In Utero: Gene Transfer Nirvana?

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The February 2008 issue of Molecular Therapy has an editorial by Charles Coutelle defending in utero gene transfer (that is, the application of gene transfer to fetuses).  Coutelle makes several attractive arguments in its favor.  Among them: that many parents opt against abortion after receiving  a prenatal diagnosis, and that in utero gene transfer would provide these parents with a therapeutic option.


What troubles me about this position is this:  1- what makes in utero gene transfer attractive–favorable “vector-to-cell” ratio, and the “presence of expanding and developing stem cell populations,” is precisely what makes this procedure risky as well; 2- how often do parents opt against pre-implantation diagnosis, but then go on to seek prenatal pregnancy screening?  Specifically, does the frequency of the latter justify the risks of the former?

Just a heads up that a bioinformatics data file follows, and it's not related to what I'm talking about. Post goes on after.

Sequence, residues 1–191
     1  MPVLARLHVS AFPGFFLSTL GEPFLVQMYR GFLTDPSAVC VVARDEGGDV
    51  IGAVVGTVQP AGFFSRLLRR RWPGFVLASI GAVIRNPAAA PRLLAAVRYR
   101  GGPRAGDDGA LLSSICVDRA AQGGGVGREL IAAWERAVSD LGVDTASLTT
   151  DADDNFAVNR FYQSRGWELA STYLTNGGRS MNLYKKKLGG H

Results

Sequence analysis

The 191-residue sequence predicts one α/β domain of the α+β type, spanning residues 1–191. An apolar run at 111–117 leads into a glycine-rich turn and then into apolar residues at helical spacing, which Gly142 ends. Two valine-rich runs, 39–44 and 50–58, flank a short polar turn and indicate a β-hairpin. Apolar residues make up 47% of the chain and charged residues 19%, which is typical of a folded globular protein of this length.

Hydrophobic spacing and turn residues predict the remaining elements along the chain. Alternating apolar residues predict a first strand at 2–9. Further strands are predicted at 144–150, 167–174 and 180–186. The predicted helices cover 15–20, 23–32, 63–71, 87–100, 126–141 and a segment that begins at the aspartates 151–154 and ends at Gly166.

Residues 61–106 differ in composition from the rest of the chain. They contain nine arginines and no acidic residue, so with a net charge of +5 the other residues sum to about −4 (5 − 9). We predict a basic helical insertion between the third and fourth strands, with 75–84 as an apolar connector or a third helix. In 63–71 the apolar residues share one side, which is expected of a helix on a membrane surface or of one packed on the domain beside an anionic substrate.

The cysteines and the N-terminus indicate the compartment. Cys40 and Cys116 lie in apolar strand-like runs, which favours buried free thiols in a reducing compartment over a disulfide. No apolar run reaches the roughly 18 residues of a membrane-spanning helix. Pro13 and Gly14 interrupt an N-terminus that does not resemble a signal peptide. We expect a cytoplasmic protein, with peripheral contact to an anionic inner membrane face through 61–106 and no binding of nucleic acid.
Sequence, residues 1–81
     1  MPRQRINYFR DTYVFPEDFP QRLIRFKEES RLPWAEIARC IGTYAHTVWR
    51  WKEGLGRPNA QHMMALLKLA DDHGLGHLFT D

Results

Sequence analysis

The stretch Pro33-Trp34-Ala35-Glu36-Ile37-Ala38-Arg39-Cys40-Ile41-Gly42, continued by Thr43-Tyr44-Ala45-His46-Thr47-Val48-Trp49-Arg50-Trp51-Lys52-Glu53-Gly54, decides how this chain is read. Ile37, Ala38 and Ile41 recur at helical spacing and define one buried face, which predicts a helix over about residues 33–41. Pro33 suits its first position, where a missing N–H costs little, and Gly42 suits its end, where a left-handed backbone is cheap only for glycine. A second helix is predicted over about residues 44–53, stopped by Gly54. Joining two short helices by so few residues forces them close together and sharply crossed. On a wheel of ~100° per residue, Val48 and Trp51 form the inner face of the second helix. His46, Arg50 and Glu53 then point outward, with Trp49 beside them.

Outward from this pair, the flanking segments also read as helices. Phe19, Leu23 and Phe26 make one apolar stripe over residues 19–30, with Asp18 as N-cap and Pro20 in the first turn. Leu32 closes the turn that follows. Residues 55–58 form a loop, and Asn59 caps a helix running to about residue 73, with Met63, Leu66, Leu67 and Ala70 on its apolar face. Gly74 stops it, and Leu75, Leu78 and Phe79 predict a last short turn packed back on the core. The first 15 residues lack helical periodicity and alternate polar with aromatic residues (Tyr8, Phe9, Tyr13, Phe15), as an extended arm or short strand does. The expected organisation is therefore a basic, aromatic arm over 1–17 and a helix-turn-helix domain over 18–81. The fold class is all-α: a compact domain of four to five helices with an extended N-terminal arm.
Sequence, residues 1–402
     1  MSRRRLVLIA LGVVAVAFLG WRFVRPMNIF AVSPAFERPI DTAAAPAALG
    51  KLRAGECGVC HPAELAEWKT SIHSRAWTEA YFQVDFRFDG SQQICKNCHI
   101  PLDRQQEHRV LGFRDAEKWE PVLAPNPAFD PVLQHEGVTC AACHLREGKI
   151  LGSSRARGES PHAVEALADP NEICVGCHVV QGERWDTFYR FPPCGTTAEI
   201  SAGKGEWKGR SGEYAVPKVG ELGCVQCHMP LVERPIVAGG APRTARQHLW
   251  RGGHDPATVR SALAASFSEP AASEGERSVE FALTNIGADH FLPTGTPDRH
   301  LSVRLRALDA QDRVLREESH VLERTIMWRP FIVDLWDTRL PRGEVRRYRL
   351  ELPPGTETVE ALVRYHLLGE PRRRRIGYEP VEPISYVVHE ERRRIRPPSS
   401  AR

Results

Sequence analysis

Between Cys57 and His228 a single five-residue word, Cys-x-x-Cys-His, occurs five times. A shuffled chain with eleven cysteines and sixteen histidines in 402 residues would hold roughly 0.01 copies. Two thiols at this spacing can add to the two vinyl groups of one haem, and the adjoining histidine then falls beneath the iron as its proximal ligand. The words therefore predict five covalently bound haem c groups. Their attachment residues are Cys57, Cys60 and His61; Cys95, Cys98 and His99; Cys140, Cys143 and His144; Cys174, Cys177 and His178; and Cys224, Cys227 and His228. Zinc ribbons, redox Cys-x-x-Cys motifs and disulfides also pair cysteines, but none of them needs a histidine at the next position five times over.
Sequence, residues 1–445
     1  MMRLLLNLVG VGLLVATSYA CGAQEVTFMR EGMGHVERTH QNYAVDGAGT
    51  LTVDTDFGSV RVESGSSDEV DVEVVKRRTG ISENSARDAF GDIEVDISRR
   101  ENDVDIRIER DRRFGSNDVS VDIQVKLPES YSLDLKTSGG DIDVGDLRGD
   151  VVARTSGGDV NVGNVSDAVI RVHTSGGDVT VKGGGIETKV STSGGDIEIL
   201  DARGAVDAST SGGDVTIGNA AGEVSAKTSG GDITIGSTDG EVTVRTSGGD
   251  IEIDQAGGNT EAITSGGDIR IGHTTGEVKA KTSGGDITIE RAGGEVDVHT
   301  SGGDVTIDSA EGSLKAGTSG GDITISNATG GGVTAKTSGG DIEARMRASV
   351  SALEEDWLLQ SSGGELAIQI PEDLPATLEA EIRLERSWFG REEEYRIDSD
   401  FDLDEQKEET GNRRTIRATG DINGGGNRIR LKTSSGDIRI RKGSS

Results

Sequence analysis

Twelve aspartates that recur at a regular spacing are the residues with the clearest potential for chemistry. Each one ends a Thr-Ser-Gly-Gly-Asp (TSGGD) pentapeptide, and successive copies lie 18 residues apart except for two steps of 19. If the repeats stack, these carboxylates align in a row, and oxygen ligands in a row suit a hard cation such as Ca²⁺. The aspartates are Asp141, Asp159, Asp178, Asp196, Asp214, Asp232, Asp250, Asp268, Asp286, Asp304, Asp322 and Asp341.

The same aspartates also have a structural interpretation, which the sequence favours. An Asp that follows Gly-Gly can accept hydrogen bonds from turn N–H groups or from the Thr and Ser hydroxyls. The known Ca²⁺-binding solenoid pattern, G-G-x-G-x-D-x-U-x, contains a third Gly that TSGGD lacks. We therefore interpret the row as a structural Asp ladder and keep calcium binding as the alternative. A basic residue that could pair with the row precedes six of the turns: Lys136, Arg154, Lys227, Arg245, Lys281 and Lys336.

BibTeX

@Manual{stream2008-182,
    title = {In Utero: Gene Transfer Nirvana?},
    journal = {STREAM research},
    author = {Jonathan Kimmelman},
    address = {Montreal, Canada},
    date = 2008,
    month = feb,
    day = 18,
    url = {http://www.translationalethics.com/2008/02/18/in-utero-gene-transfer-nirvana/}
}

MLA

Jonathan Kimmelman. "In Utero: Gene Transfer Nirvana?" Web blog post. STREAM research. 18 Feb 2008. Web. 07 Dec 2019. <http://www.translationalethics.com/2008/02/18/in-utero-gene-transfer-nirvana/>

APA

Jonathan Kimmelman. (2008, Feb 18). In Utero: Gene Transfer Nirvana? [Web log post]. Retrieved from http://www.translationalethics.com/2008/02/18/in-utero-gene-transfer-nirvana/


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